reboot 8 day one

reboot 8 is awfully fun, insightful, brilliant and engaging. There’s so much here that is being discussed that I’m rationing pages in my little portable notebook. Notebook? Yeah, because some of th emost exciting conversations happen f2f out on the front lawn of this amazing space where the weather has been accommodating.

But, the speaker sessions are great, too. It’s not lunch yet, but I have a few thoughts related to Matt Webb and Ulla-Maaria Mutanen’s talks.

Matt Webb

Matt did a bit on new ways of using our human sense modalities as metaphorical design elements for our browsing activities. He went through each of our senses — the normal five — and described them in terms of individual meaning. It wasn’t a totalizing kind of thing — like, our sense of sight becomes the window on the screen or anything like that. It was a well-thought consideration that took sense modalities as a framework for design.

As he went through each of the sense he also had slides of hand sketches that gradually assembled into the components of a new kind of web browser.

My favorite part of this were the use of browser side elements so that you get various kinds of networked proprioception — we see things around the web page, topics related to it, various overviews, ranks of links in/out, commentary, etc. I’m not sure where all of this goes in terms of changing browsing practices to make us more enabled inhabitants of digitally networked worlds, but the idea of thinking about what peripheral vision is, or touch, or smell as, for instance, what’s on another side of a web page or what’s nearby to a web page. Sight — things are closer or further away in some fashion, and I can see what other people are looking at. Hearing provides some kind of translation to rhythm sensing. Touch is about the surface and isn’t a kind of look-ahead or early-warning framework.


Ulla-Maaria’s talk was great — each time I hear her I get a deeper appreciation about her project and how it provides important elements of a renaissance for empowered makers/crafters/tinkerers. The strong point I came with thinking thorugh how Things/Objects that contain some sort representation of themselves can describe not only how they can be disassembled, but also how they were made and how they can be hacked, in a DIY way. For instance, knowing enough about my devices to be able to figure out how they were made, and how I can re-make and re-fashion them in various ways. More than just adding glimmer to my computer, or changing the background — I want to know how I can reconfigure things into other things. I don’t think it’s too far out, in principle. There are so many digital projects out there, for instance — student projects, hacker projects, etc. — how can they provide enough context, rules, manuals and instructions to reveal how they make the things they make so that others can follow along? And then create communities of interest around these things to create micro-ecosystems or micro-markets around the kinds of social practice these things establish.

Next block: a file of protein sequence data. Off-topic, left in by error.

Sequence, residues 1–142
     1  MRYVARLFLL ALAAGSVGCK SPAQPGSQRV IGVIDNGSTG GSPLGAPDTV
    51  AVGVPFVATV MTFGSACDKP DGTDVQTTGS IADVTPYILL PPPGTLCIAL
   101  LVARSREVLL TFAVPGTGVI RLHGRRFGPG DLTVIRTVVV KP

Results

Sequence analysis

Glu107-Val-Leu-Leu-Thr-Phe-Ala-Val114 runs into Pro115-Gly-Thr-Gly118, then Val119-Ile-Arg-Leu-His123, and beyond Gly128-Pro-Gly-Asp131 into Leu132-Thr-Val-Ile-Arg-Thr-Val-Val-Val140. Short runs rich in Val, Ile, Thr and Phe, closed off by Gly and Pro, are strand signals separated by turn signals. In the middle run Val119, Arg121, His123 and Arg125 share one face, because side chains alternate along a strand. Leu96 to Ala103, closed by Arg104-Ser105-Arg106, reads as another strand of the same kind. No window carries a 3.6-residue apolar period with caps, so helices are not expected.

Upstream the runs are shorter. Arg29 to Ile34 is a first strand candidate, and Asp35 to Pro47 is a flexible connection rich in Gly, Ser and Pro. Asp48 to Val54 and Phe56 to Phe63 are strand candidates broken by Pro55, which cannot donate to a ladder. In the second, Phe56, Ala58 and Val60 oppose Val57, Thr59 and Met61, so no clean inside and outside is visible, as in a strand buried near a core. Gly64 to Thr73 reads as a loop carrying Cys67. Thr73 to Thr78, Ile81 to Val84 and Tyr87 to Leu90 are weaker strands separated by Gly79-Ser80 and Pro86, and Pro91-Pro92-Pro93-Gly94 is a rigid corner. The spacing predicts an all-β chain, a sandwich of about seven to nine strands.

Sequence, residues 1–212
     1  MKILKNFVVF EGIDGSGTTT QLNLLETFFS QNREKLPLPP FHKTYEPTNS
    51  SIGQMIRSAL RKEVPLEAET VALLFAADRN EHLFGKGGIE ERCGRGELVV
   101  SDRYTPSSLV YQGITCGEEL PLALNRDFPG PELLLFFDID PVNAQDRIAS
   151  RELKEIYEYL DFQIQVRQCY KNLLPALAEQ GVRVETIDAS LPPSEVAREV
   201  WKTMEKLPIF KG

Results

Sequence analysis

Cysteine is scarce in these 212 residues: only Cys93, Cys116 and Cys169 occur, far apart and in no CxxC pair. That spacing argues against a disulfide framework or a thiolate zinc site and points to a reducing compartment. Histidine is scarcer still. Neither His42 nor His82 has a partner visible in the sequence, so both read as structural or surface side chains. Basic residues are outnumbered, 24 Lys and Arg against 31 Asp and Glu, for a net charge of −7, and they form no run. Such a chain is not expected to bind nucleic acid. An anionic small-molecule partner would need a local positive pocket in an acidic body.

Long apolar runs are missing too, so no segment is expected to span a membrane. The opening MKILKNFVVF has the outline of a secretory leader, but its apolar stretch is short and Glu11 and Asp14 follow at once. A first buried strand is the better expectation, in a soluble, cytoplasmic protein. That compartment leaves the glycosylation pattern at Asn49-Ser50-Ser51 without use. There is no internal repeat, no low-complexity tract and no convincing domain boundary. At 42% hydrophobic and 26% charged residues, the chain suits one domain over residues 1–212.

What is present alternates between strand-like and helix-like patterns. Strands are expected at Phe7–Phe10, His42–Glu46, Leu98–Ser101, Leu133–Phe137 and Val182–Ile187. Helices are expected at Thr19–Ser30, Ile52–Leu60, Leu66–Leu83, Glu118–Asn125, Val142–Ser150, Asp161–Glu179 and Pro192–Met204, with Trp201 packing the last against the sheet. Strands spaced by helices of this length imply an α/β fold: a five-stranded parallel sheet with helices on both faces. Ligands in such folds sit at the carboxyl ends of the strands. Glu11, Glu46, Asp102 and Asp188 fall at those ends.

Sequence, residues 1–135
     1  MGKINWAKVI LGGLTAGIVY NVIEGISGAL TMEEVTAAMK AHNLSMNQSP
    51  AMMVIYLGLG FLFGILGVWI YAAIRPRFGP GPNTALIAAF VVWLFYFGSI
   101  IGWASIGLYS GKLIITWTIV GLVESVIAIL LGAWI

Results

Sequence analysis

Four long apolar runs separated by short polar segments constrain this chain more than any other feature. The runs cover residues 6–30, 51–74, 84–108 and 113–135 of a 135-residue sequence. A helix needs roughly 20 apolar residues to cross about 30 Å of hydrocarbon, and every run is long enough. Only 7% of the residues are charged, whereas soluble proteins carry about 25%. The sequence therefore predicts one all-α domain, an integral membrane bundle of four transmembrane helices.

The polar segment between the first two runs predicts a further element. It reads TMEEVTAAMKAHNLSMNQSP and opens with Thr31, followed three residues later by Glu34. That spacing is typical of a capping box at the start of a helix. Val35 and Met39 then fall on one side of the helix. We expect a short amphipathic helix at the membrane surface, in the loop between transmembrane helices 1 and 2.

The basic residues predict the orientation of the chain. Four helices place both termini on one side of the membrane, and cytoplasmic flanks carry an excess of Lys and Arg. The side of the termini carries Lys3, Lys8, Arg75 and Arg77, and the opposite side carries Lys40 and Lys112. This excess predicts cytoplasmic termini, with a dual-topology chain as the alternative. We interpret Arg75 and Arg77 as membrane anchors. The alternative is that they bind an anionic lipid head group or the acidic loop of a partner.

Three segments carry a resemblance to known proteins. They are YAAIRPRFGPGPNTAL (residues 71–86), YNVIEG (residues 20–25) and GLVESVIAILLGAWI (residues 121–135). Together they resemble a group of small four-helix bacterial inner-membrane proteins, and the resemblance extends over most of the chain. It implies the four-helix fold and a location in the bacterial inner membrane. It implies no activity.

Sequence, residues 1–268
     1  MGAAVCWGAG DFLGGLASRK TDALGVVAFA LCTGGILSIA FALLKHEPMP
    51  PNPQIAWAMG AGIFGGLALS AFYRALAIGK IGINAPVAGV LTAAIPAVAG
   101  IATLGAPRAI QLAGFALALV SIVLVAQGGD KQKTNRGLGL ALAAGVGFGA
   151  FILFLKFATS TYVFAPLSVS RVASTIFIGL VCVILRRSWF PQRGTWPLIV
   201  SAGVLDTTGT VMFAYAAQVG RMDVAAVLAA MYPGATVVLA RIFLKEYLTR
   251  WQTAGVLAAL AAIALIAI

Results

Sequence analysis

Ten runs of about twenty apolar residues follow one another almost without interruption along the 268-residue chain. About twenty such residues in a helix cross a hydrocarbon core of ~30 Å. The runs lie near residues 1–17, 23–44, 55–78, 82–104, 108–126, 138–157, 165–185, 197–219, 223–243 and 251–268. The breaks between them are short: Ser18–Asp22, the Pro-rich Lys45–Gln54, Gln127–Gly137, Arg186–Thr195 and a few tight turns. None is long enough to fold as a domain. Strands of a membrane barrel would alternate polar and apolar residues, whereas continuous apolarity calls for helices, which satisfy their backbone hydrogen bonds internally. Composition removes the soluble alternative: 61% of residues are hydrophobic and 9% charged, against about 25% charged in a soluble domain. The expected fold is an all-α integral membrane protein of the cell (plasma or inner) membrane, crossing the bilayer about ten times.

Mark Hurst

Bit Literacy: A New Strategy for Productivity in Your Bit-drenched Life

Managing my overflowing email inbox — techniques for living with too much information. I had a gradually growing exception to the talk. It had a built-in conceit about “information overload”, which I think has a poorly considered undercurrent that is the information we receive is too much. There are too many flows, inputs, uploads, feeds, etc. I don’t believe in this partly because it assumes that there is a tranquility underneath “too” much. I think it’s fairly easy to argue that tranquility is not directly related to quantity of bits, which was the basis of the presentation. That bits have “psychic weight”, and less psychic weight or fewer bits are better.

Too much email? Doc Searles was called upon to tell us how many emails he has in his inbox — whatever. 1600, let’s say. That kind of social status indicator drives me about as nuts. Can we please, please stop that? It’s about as useful as letting people know what your level is in World of Warcraft. Enough.

MarthaStewart 2.0? Bleech..

There was a discussion of managing email — fully in control of my bits — by clearing all of my email everyday. What about email as a history of activities, participations, social linkages? Clearing my email inbox? Are you kidding me? That’s like wiping my hard disk clean everyday. What’s wrong with my email box as a journal database of sorts — what I did when?

The “philosophy of bit literacy” includes a requirement that we widdle down the inbox. Don’t buy it. Is it just that there are too many messages stacked up in a window? Is it just that we’re trying to get through new mail? Why is there this requirement?

Never mind that email seems to be going the way of snail mail as more digital kids / millenials employ a whole variety of social communication practices that are a mash-up of IM, SMS, social networking sites, presence awareness distortion fields like Flickr, and — gasp! — massively multiplayer game worlds like WoW and 2nd Life.

I’m squirming for the Q&A. Or maybe I’m just hungry again.

Technorati Tags: , ,